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Farmer Brown's boy had heard Welcome Robin singing in the Old Orchard quite as soon as Peter Rabbit had, and that song of "Cheer up! Cheer up! Cheer up! Cheer!" had awakened quite as much gladness in his heart as it had in Peter's heart. It meant that Mistress Spring really had arrived, and that over in the Green Forest and down on the Green Meadows there would soon be shy blue, and just as shy white violets to look for, and other flowers almost if not quite as sweet and lovely. It meant that his feathered friends would soon be busy house-hunting and building. It meant that his little friends in fur would also be doing something very similar, if they had not already done so. It meant that soon there would be a million lovely things to see and a million joyous sounds to hear.
So the sound of Welcome Robin's voice made the heart of Farmer Brown's boy even more happy than it was before, and as Welcome Robin just had to sing, so Farmer Brown's boy just had to whistle. When his work was finished, it seemed to Farmer Brown's boy that something was calling him, calling him to get out on the Green Meadows or over in the Green Forest and share in the happiness of all the little people there. So presently he decided that he would go down to the Smiling Pool to find out how Jerry Muskrat was, and if Grandfather Frog was awake yet, and if the sweet singers of the Smiling Pool had begun their wonderful spring chorus.
Down the Crooked Little Path cross the Green Meadows he tramped, and as he drew near the Smiling Pool, he stopped whistling lest the sound should frighten some of the little people there. He was still some distance from the Smiling Pool when out of it sprang a big bird and on swift, whistling wings flew away in the direction of the Big River. Farmer Brown's boy stopped and watched until the bird had disappeared, and on his face was a look of great surprise.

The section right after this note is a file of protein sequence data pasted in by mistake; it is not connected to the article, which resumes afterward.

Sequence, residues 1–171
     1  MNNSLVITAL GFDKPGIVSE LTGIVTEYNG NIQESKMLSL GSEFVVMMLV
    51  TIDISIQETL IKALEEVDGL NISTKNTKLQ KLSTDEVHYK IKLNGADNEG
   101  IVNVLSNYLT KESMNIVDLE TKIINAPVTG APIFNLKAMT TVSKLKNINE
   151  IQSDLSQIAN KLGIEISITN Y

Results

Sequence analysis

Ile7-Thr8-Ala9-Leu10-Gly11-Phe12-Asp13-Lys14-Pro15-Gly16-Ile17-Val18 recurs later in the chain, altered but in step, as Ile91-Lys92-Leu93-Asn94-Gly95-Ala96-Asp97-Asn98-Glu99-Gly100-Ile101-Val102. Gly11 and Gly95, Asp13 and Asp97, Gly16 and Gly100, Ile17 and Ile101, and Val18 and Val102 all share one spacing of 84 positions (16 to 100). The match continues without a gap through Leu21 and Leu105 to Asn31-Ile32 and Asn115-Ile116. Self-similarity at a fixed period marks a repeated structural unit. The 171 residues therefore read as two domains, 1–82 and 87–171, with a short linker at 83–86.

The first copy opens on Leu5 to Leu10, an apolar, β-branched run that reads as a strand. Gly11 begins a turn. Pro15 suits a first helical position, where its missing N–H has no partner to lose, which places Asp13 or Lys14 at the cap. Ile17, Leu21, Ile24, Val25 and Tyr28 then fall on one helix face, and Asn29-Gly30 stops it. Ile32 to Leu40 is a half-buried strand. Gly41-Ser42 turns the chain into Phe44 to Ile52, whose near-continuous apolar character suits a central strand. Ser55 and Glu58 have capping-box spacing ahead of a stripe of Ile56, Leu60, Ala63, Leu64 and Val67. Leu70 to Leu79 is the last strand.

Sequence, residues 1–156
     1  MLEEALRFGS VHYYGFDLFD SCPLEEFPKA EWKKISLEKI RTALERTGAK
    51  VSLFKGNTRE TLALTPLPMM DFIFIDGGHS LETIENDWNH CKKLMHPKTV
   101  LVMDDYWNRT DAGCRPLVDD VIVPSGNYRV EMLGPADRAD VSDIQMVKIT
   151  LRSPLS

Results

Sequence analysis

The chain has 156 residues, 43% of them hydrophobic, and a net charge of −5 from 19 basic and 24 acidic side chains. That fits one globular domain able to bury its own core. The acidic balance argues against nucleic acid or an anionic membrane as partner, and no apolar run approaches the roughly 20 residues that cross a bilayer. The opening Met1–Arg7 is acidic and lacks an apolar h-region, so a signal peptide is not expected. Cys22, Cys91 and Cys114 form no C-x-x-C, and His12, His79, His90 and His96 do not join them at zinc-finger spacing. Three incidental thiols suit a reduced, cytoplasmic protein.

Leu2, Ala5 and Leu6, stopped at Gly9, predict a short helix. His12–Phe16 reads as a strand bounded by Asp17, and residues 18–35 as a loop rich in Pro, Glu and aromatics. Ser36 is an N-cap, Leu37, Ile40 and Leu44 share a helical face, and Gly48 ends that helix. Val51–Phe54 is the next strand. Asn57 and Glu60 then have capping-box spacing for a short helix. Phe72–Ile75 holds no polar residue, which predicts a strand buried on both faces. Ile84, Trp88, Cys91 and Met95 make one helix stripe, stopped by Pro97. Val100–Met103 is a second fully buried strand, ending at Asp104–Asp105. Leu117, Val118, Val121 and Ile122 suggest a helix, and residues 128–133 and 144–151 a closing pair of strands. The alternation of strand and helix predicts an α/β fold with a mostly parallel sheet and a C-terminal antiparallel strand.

"As I live, that was a Duck!" he exclaimed. "That is the first time I've ever known a wild Duck to be in the Smiling Pool. I wonder what under the sun could have brought her over here."
Just then there was a distant bang in the direction of the Big River. Farmer Brown's boy scowled, and it made his face very angry-looking. "That's it," he muttered. "Hunters are shooting the Ducks on their way north and have driven the poor things to look for any little mudhole where they can get a little rest. Probably that Duck has been shot at so many times on the Big River that she felt safer over here in the Smiling Pool, little as it is."
Farmer Brown's boy had guessed exactly right, as you and I know, and as Peter Rabbit and Jerry Muskrat knew. "It's a shame, a downright shame that any one should want to shoot birds on their way to their nesting-grounds and that the law should let them if they do want to. Some people haven't any hearts; they're all stomachs. I hope that fellow who shot just now over there on the Big River didn't hit anything, and I wish that gun of his might have kicked a little sense of what is right and fair into his head, but of course it didn't."
He grinned at the idea, and then he continued his way towards the Smiling Pool. He hoped he might find another Duck there, and he approached the Smiling Pool very, very carefully.
But when he reached a point where he could see all over the Smiling Pool, there was no one to be seen save Jerry Muskrat sitting on the Big Rock and Peter Rabbit on the bank on the other side. Farmer Brown's boy smiled when he saw them. "Hello, Jerry Muskrat!" said he. "I wonder how a bite of carrot would taste to you." He felt in his pocket and brought out a couple of carrots. One he put on a little tussock in the water where he knew Jerry would find it. The other he tossed across the Smiling Pool where he felt sure Peter would find it. Presently he noticed two or three feathers on the water close to the edge of the bank. Mrs. Quack had left them there. "I believe that was a Mallard Duck," said he, as he studied them. "I know what I'll do. I'll go straight back home and get some wheat and corn and put it here on the edge of the Smiling Pool. Perhaps she will come back and find it."
And this is just what Farmer Brown's boy did.
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